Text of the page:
One Earth, Four or Five Worlds
Early chapters represent an insightful tapestry interwoven with Octavio Paz’s trenchant explanations for the development of Western-based terrorism as the outgrowth of the student movements of the 1960’s. He blames the resort to violence rather than continued verbal criticism on the “extraordinary freedom of mores in the West” and also on a “progressive weakening of the notion of authority” (whether governmental or paternal). Subsequent chapters examine America’s succumbing to the allures of decadence as it chases the “elusive ghost” of progress. Paz argues that the American hegemony is dying as self-doubt and the hedonism of abundance reinvigorate traditional isolationism. His assessments of the Soviet Union are even less flattering, castigating the U.S.S.R. as a clumsy bureaucratic state that has stumbled not into socialism but a statocracy not radically unlike the pattern under the czars. In this system, people have no value except as servants to “ideological abstractions” such as socialism. How, Paz asks, can an industrial state be built upon the backs of workers who lack basic self-respect? The author also criticizes the Russians for exporting to Eastern Europe their neo-czarist system of repression.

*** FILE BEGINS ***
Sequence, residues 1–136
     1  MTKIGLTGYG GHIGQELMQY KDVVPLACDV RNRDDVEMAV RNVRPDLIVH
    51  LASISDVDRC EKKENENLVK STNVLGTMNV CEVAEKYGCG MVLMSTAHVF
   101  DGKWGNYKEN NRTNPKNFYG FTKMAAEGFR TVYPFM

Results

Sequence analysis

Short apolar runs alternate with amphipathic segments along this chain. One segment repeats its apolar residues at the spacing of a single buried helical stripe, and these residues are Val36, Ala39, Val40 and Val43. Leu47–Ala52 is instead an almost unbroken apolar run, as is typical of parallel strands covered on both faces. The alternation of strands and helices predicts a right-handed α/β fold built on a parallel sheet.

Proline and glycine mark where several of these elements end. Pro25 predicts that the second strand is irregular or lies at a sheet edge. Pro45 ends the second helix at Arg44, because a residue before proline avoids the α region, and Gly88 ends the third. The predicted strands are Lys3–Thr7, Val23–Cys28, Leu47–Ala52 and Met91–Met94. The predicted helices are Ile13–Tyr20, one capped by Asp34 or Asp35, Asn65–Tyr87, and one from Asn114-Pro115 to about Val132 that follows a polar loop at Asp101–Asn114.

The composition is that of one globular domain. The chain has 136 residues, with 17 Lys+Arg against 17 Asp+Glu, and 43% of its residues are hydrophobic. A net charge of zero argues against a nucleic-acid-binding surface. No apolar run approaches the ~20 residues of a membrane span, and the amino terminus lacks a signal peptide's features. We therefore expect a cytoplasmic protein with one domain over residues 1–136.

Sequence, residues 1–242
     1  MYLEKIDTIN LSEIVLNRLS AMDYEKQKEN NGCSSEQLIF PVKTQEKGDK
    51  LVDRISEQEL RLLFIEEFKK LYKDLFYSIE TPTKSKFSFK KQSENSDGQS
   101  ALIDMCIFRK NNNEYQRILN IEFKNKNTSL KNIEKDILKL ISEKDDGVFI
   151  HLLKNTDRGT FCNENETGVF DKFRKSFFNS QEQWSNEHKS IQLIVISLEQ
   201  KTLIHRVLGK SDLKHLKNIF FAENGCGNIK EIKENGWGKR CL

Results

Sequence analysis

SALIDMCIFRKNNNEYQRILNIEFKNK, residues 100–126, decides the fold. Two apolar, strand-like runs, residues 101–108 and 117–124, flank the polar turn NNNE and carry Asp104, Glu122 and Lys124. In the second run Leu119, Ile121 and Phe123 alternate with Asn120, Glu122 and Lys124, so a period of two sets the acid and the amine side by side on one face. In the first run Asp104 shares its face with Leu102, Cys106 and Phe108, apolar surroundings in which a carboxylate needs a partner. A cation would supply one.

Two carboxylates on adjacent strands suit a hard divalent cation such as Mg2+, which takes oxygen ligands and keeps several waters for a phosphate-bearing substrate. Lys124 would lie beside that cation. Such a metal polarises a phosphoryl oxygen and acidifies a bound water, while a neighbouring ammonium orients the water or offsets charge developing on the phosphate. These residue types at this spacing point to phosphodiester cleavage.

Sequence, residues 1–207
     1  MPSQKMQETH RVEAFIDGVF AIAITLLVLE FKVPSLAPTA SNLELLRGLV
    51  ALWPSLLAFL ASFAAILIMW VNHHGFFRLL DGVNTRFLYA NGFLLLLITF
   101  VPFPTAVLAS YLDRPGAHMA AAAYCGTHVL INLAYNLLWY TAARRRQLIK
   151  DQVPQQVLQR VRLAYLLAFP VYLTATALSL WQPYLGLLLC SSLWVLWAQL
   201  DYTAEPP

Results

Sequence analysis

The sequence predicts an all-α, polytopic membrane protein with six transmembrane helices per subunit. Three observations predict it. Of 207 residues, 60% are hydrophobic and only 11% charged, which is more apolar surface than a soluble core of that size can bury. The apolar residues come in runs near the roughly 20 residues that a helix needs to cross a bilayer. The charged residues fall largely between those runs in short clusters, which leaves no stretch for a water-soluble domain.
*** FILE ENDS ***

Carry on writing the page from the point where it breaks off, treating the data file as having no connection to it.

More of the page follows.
Later sections examine, among other things, Latin military dictatorships and hopes for democracy, the Khomeini regime and the impact of Islam on the Iran-Iraq war, and warnings to Central Americans not to emulate the Cuban or Nicaraguan models of Soviet-styled statocracy. These essays are eloquent, refreshingly honest, and insightful, and they deserve a broad readership.